Each of us has, or ought to have, a passion inside for a particular occupation, skill, art or science. A passion that overrides every obstacle and places us in life’s catbird seat, unashamed and happy in who we are and what we hope to accomplish before the ride is over and night falls.
A person should be prepared for this future, at least in part, by their experience in public education. The goal of education should be to help prepare students for life after school. Notice that I did not say, “prepare students for college.” That was intentional because, now hold on to your garters; Not. Every. Person. Should. Go. To. College.
Now, I realize that I just delivered an electric, politically suicidal, heresy. Don’t worry. I’ll give you a moment to recover from the shock.
Now that you’re breathing again, consider: that kid at the desk over there. The one who’s world revolves around graphic art, comic book plot lines, and the hero’s journey – the kid who spends every unobstructed moment creating astounding examples of visionary art work – does that kid need physics? Or would he do better in a graphic arts class?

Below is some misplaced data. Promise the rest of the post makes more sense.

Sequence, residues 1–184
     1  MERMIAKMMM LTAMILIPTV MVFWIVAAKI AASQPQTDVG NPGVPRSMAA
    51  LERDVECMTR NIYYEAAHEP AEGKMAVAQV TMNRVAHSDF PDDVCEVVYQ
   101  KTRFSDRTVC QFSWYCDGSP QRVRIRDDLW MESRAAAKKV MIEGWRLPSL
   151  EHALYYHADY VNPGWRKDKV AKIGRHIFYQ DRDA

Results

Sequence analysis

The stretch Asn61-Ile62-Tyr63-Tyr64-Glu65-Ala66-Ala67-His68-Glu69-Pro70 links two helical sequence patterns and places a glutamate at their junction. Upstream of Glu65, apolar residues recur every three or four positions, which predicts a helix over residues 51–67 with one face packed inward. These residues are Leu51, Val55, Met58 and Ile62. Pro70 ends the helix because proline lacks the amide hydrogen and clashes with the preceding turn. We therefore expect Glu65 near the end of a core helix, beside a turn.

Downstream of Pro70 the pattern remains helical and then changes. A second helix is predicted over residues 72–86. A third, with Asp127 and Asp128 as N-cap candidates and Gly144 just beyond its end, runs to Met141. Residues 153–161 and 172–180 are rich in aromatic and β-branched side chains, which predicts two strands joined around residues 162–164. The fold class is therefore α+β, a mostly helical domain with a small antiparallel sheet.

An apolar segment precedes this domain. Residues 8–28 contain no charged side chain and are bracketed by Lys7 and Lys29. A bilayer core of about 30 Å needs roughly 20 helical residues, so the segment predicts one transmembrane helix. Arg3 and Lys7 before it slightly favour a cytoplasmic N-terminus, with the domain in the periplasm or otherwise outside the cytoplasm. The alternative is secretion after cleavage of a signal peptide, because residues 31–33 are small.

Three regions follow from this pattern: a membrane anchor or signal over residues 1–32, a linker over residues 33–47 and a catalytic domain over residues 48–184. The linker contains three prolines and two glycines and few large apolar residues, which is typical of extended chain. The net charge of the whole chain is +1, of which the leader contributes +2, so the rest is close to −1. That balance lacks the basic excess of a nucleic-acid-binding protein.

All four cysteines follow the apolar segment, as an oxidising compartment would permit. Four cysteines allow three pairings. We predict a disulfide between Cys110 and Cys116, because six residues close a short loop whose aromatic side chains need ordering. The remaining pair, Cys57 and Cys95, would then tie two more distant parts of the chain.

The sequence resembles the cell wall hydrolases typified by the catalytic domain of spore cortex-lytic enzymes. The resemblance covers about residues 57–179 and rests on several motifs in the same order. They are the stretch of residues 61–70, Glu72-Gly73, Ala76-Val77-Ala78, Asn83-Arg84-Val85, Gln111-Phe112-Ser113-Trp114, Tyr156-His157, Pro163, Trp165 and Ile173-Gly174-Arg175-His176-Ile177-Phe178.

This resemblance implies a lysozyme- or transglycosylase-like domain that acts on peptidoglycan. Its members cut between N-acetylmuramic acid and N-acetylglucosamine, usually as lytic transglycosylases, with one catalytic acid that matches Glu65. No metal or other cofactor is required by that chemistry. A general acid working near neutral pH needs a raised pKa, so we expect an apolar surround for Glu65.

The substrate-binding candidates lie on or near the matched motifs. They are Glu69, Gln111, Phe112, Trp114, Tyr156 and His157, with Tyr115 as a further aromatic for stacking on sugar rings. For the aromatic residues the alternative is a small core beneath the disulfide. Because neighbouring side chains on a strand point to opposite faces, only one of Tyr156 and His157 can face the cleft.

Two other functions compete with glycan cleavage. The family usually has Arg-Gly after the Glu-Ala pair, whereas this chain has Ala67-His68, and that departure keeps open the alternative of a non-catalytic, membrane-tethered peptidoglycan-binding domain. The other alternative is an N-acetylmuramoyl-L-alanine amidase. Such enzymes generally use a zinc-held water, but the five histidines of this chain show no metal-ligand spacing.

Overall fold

What about the student who is besotted with cars? She can break down a transmission, diagnose the issue and put it back together again – fixed – in under an hour even though she has no formal training. (Most high schools don’t have auto shop anymore and all her dad knows about cars is the difference between an ignition switch and the car charger port.) Does she really need AP literature? Or would she do better in an apprentice program that turns out specialists in the automotive field? I’m not talking about intelligence here. I’m talking about desire.
Are there kids who benefit from the college path? Of course there are. There are a lot of kids with a passion for law, or medicine or teaching. We need them. But we need carpenters and accountants, philosophers, mechanics and construction workers too. Student A longs for a career in nuclear technology while student B really, honestly wants to be a sailor. Their passions, abilities and skills are different, but we need them both. And that means their educational needs are different too. Trying to shave off their unique edges so that everyone fits the predetermined mold leaves our society poorer, and more frustrated.
Turning a blind eye to the individualism that has created such marvels as the Golden Gate Bridge, fiber optics, nanotechnology and the X-men is madness. We need to stop doing it.
“Pursue the things you love doing, and then do them so well that people can’t take their eyes off of you.” Maya Angelou
Ms. Angelou had a point and we need to shape an educational system that lets students prove it.